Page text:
I have five 10" saw blades, several 7" blades, and a big pile of saber /
reciprocating saw blades that I would like to organize better. This system
caught my eye:
It seems a bit pricey, but it might be worth it to reduce the chaos in my
Anyone try this & have any comments? I'm interested in whether it's
reasonably sturdy, and how well the reciprocating saw blade inserts work.
Storing circular saw blades is pretty simple, but the reciprocating blades
come in a huge range of sizes & shapes. It's impossible to tell how many
blades one insert might hold.
$40 for an "environmentally friendly" plastic box?? Bang something together
out of scraps. It won't cost a thing. It is just a box. And if you love
plastic, there is lots of plastic boxes available. You just need some
cardboard or thin plywood to separate the blades.
Building your own blade storage using 3/8" plywood is a good winter
Built several as follows:
Blank out some 11-1/2" blanks.
Using a router and a circle jig, cut a 10-1/4" dia circle out of half
Glue a solid and a circle blank together, knock off the corners, add a
1/2" dia hanging hole in a corner and a 1/4"-20 x 3/4" flat head
machine screw with a fender washer and a wing nut to retain the saw
blade and you are good to go.
Add a coat of shellac to prevent dirt marks.
Grab a beer and admire your work.
No and yes...
Other than if one were porting stuff around, I see nothing much at all
to recommend this for shop use and if you want a box, well, you _do_
have something to use those blades on, don't you????
Yes, and every free second I have to use my tools is already spoken for.
I have better things to do with my limited shop time than make boxes for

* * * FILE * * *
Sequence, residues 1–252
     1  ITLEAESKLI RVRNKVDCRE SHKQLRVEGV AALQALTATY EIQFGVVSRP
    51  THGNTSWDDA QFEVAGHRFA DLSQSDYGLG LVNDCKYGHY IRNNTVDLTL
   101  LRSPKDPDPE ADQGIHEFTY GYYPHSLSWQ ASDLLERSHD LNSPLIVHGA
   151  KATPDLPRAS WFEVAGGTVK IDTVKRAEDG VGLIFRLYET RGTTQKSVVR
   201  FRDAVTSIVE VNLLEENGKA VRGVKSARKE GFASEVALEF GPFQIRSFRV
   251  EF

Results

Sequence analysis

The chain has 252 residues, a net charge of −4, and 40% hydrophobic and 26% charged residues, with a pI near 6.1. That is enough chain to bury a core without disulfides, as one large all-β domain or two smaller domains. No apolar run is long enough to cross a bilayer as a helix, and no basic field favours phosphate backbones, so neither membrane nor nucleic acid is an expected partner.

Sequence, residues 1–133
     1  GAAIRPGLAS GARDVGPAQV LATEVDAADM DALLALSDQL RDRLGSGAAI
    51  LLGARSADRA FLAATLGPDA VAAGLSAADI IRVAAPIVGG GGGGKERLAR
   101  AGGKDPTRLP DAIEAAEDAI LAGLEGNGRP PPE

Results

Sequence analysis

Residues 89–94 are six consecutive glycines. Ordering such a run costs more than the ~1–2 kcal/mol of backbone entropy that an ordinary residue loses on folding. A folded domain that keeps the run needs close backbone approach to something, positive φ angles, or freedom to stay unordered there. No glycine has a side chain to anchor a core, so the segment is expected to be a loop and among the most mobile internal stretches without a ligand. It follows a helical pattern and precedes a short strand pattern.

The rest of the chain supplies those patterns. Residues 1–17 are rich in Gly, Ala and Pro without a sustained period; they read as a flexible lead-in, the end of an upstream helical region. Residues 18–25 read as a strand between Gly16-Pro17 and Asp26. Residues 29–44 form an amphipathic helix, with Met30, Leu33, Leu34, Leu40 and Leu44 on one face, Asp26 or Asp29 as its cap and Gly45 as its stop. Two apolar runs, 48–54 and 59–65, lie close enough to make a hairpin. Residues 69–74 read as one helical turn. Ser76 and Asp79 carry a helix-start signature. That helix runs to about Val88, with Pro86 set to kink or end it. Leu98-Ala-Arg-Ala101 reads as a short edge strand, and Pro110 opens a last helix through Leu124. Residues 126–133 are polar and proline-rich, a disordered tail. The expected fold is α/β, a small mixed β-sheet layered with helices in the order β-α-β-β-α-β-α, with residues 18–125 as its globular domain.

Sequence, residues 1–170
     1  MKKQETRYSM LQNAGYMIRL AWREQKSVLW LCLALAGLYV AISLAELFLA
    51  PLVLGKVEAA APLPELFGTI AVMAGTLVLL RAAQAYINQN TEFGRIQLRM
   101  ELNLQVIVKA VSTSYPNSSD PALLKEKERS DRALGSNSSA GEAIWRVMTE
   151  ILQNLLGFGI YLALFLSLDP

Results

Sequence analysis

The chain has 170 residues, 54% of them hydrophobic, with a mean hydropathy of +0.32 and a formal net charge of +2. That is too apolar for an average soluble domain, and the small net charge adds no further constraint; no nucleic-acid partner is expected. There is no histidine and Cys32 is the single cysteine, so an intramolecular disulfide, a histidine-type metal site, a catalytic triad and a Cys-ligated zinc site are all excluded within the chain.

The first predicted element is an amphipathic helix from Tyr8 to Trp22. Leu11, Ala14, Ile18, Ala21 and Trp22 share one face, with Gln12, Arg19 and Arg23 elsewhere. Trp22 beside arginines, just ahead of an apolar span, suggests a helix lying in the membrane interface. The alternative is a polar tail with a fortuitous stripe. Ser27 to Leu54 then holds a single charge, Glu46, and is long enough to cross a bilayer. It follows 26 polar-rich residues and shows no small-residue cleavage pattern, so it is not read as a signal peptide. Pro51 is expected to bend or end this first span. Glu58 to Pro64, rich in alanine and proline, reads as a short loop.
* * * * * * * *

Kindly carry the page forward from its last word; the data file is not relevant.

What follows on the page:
my saw blades. I may not have time to touch my saw for 3 or 4 months at
a crack. That means that finding my saw blades in good condition (no
rust, no dust, and sharp) without having to rummage for them is a good
thing. I have a couple places where I store various table saw blades,
but nothing really useful for reciprocating saw blades.
I looked at those, but decided on the Blade Runner style instead.
It fits in well with my dado sets and I already had a similar case for my 7"
blades, from a cheap set. It doesn't solve the problem for other style
On 12/26/10 5:44 PM, email@example.com wrote:
I think that would work great if you're taking blades with you to a job
site, as it looks like it would protect well and could be thrown around
For for shop use, I would hate to have to undo that wingnut and remove
all the blades just to get to the one I want. I had a cymbal case like
that and I hated it every time I had to use it. I know have a case where
each cymbal just drops into the top with dividers in between.
I keep my blades on a dowel and even though there is no wingnut to
remove, I still can't stand having to take blades off to get to the one
"Playing is not something I do at night, it's my function in life"
I've already got one of those, and it seems like the circular saw blade I
want is always on the inside. I have a Shopsmith, with a large arbor, so
I had to make special plastic washers to hold those blades. Basically,
if you have more than 2 blades (one on each side), it's not very
convenient to use.
I generally don't change blades all that often and when I do it's usually for
a dado setup. They came in a similar case, so I'm juggling blades anyway; not
really that big of a deal for me.
I like these because they _are_ rugged. My shop still isn't close to being
set up, and the garage is a mess with too much stuff stacked around. I don't
want expensive blades banging around. When I do get set up I'll probably
"file" blades in some sort of drawer in the extension table. Some of the
ideas offered here give me some great ideas for that.
That might be a good idea. A file box or a file cabinet would provide
divided storage for table saw blades. Add some cardboard or foam if you're
concerned about the blades banging together.
My table saw storage box isn't much different.
Short of driving three blocks and taking a picture, here's a quickie
sketchup version of mine:
Will hold all the blades I own safely and costs about 30 minutes of time
with a dado stack and leftover 3/4" plywood.
If you have a shop, and the talent to use it, you can't go wrong rolling
your own ... ;)
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